The Group 2 event followed. This event has a course of fire requiring 14 shots at targets at 100m, 50m, and 25m. The slow fire section has two shots sitting or kneeling at 100m, two shots standing unsupported at 100m, two shots standing unsupported at 50m, followed by four brackets of 2 shots in 10 second, one bracket at 50m, and 3there brackets at 25m. Shooting powerful group 2 rifles from the sitting or kneeling position can be a bit of a test due to the recoil, but our seasoned competitors had another close tussle, with West Australian Anthony Burke emerging victorious. Results are presented below:

Bore Guns came next. The bore guns event follows the same course of fire as Group 2, with 14 shots required. This is a spectacular event involving firearms of yesteryear, with most competitors using 12 Bore rifles, firing heavy cast lead projectiles. This event is both a test of shooting skill, and a test of reloading skill.  Achieving accuracy at anything over 50m with a bore gun can be quite difficult, and the winners display skill in both the reloading technique, and in their shooting capability. Once again a close event with only one point in it, and for a third time in this  event, Bob Christopher was victorious. Results are given below:

The final of the eight core events was Group 3. This event required rifles over 0.500 calibre with minimum bullet weights of 525grains, and minimum muzzle energies of 5300 ft lbs. * shots are required, with 2 slow fire shots, standing unsupported at 100m, followed by 3 brackets of 2 shots in 10 seconds, with one bracket at 50m, and two brackets at 25m. Bob Christopher kept up his great form with a fourth win for the day. Results are given below:

That concluded day one.

The following day we had three supplementary events, African plains rifle, shot over 200m, 100m, and 50m, followed by Charging Buffalo, followed by Charging (Advancing target) Lion.  African Plains is a test of long-range accuracy using magnum calibres from 6.5mm to 8mm, while Charging buffalo is a territory version of charging animal, with competitors required to move stations for each pair of shots. This is a great test of skill. Finally, we were shooting under pressure again with a moving target as our final test. This involved a large lion target advancing from 50m to 25m in about 5 seconds. The first shot was stationary, the remainder with the target moving rapidly towards the competitor. Many competitors managed two further shots (for a total of 3), after the target started moving, with a few speedy characters getting a total of four shots away. Again, the results were close. The results of the supplementary events are presented in order below:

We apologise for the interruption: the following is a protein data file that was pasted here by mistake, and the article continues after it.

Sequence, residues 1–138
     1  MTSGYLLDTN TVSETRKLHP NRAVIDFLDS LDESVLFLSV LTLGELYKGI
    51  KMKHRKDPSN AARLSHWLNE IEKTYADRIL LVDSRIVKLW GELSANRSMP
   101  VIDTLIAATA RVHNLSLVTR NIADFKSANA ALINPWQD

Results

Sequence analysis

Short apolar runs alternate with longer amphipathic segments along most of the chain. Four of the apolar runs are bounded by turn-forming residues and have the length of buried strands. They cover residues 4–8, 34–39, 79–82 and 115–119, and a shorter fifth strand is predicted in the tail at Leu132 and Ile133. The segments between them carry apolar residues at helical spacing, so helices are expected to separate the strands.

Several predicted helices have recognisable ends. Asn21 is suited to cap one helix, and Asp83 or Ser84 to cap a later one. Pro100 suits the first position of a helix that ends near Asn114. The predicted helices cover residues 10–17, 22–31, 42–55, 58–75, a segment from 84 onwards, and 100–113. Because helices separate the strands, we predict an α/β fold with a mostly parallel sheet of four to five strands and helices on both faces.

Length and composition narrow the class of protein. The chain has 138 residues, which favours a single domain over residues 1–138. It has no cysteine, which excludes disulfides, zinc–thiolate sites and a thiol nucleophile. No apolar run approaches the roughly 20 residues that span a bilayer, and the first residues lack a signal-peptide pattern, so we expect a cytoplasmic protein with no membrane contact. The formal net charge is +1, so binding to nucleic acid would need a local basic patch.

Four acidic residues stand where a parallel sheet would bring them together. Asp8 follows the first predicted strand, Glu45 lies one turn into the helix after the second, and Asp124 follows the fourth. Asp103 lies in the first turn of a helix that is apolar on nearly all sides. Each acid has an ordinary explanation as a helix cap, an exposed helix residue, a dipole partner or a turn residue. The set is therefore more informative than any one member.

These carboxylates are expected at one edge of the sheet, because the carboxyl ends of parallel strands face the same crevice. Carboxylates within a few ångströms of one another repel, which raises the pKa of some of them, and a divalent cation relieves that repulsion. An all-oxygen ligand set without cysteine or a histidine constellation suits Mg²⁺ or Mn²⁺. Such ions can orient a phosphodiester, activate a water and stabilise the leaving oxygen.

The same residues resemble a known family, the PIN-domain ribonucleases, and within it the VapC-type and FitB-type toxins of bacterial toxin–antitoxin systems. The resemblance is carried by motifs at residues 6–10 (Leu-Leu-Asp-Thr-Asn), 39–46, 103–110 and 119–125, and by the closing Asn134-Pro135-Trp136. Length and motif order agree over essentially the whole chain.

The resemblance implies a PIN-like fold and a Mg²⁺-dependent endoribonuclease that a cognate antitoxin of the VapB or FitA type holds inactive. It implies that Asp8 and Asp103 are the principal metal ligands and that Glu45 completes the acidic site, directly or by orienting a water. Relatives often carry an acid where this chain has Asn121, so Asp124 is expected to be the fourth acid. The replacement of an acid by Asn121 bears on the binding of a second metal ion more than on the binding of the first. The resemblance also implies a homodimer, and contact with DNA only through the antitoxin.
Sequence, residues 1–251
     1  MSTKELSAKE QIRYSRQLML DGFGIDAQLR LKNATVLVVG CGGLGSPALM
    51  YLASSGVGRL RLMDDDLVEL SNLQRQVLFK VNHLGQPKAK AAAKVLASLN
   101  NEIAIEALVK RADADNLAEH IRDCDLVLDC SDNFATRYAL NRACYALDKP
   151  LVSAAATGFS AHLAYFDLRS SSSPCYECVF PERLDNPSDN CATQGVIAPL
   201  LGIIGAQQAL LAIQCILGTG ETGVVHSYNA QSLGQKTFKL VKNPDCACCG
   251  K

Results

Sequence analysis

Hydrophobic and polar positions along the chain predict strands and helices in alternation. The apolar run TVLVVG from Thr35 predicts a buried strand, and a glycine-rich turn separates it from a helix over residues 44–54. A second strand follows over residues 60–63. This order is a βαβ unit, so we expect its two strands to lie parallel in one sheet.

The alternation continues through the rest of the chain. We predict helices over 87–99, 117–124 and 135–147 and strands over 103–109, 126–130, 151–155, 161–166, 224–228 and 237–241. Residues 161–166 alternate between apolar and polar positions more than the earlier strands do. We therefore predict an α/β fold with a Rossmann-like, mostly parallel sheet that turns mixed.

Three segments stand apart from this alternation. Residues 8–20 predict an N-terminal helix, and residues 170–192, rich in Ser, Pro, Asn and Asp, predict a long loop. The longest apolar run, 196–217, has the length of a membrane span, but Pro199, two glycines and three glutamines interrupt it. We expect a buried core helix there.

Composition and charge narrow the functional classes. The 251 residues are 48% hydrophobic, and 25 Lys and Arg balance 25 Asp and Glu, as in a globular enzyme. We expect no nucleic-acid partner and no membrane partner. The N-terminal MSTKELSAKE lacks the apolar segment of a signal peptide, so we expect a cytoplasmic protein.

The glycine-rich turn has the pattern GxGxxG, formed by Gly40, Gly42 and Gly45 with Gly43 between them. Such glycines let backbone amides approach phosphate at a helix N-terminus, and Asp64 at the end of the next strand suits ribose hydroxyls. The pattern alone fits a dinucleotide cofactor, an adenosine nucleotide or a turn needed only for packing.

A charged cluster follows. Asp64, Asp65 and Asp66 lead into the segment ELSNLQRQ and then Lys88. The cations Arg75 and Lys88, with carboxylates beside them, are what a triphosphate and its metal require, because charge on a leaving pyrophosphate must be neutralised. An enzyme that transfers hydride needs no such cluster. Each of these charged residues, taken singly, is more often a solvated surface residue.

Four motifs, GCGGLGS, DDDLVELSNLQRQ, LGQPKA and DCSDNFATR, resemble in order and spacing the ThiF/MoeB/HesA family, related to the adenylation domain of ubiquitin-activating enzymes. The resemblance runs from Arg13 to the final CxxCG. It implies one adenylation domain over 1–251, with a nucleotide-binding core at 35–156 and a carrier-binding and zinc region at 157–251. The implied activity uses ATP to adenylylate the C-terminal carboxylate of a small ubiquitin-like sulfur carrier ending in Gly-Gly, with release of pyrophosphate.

The competitors retired for lunch, and afterwards attended a presentation and awards ceremony in the club house. The Darwin Club are to be congratulated on a very well-run event, but on top of that they managed to secure a range of generous sponsors and provided a selection of excellent prices for the top three in each event.

Due to some very consistent shooting, and four event wins, the champion for 2022 was Bob Christopher, with Graeme Wright a very close second, only 1.2% behind after a full day’s shooting. Mark Hibbert came in third.

As the top three placegetters are all Veterans, the veteran’s placings are the same. Full aggregate results are given below:

Congratulations to Bob Christopher, on another Big Game Rifle National Championship, backing up the win he had at our last Nationals in 2019.

The team event was won by Victoria, with Northern Territory second, and Queensland Third.

We would like to thank the event sponsors sincerely for getting behind this competition and providing some excellent prizes. The event sponsors are: MG Electrical, Amrock Civil, Fishing & Outdoor World, Territory Firearms, Rowe Mechanical, Top End Custom Wear, Crocodile Darwin, C & S Firearms, Top End Water Storage, BCF,


Mark Hibbert.

Big Game Rifle National Discipline Chair